I've noticed so many members here mentioned Tara in their blogs, which may imply they still miss her. They have reason to do so. Tara is a great teacher - we have learned a lot from and enjoyed her writing. You may find yourself still using some of the words or expressions Tara loves using, such as 'cheers', 'amazing', 'come and go', etc. Yes, what she did here was inprinted on our memory. What impressed you most?

To my surprise, Tara commented on my blog this morning encouraging us to keep blogging. It really made my day! Tara is still here, just as Josef and other teachers and active members are. So, don't be so sad when a member leaves MyEC - you just keep learning here. In fact, you are not alone - Expector is still learning here on MyEC!

I bet you still miss Tara, don't you?

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Yes, I have noticed some of our active members have left MyEC. The thing is their English still needs improving; that is, they quit too early.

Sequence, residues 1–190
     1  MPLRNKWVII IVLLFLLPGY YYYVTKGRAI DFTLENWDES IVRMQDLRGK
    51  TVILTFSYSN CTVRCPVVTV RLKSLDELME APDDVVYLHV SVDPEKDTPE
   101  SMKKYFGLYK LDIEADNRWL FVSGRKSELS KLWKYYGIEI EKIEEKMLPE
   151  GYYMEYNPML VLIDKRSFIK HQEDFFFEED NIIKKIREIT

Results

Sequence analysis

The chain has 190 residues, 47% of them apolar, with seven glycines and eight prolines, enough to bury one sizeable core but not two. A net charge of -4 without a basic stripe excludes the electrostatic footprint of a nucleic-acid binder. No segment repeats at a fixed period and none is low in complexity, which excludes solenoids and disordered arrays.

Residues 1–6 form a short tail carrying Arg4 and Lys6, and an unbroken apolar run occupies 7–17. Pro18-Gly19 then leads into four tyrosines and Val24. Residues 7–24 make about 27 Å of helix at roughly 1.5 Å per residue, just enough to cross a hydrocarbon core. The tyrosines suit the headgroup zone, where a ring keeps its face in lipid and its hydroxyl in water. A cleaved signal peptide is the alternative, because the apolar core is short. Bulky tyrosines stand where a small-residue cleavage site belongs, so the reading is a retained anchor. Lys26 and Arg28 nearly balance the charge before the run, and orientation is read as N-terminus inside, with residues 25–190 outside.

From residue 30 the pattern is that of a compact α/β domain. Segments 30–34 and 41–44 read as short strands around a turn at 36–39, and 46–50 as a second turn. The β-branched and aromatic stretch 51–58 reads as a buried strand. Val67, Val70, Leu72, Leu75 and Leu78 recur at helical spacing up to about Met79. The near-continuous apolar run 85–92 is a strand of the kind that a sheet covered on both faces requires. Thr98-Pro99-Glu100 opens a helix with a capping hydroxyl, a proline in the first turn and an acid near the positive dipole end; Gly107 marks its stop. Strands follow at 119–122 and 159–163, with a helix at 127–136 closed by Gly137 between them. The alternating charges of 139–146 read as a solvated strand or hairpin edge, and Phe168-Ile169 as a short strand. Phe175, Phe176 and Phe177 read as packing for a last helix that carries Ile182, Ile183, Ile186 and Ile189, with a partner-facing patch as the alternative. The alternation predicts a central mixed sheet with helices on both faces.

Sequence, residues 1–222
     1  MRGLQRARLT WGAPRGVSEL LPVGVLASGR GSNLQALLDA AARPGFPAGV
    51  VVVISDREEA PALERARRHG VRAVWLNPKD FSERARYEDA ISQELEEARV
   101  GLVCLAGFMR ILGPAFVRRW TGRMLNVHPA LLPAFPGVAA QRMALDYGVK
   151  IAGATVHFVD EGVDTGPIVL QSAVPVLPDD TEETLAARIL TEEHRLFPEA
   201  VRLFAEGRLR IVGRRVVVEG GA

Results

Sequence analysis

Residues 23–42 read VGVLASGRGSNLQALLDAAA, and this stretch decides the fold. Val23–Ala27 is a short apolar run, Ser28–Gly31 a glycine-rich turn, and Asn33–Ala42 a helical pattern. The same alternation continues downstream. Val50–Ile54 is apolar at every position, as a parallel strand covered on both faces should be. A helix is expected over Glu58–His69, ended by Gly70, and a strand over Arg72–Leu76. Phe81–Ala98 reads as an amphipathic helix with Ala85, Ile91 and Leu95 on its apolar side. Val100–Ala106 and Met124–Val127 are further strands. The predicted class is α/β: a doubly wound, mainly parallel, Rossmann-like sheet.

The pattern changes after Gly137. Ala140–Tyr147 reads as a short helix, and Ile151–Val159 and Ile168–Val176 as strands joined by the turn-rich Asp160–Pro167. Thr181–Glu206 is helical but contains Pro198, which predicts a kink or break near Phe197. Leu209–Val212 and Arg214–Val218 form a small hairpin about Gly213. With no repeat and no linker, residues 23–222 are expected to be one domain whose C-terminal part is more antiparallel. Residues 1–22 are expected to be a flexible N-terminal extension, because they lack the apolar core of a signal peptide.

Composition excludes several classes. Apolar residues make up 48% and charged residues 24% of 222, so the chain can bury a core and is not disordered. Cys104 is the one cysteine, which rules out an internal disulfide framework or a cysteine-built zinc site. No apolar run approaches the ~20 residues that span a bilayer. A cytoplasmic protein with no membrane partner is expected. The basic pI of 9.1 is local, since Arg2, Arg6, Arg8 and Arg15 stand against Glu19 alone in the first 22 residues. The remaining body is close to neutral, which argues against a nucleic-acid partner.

Our members have reason to leave or stay. Some members may have left just because they tired of learning English here. It can be so frustrating when you find your English hasn't improved so much as you may have expected. It takes a lot of time and effort to master English, though - having learned English a long time doesn't mean you have a mastery of English. Chances are, you'll still make mistakes when you speak English or write in it. 

Some may have felt they were not popular any longer with other members here. They may have found themselves getting no comments on their wall or blogs - their blogs were not featured any more or other members failed to read or leave a comment on what they just wrote. 

They may have noticed some of the active members left and they may have wondered if something was wrong with MyEC. However, they should have known most of the members are still here - our active members just come and go!

In fact, MyEC is still one of the most attractive places where you can learn or improve your English. That is why some of our active members have returned after leaving a peroid of time. We need MyEC, as MyEC does! 

Why leave MyEC while you're still making mistakes when writing in English or while you still have difficulty writing something grammatically correct, while you don't really want to give up so early or while English proficiency is still your concern?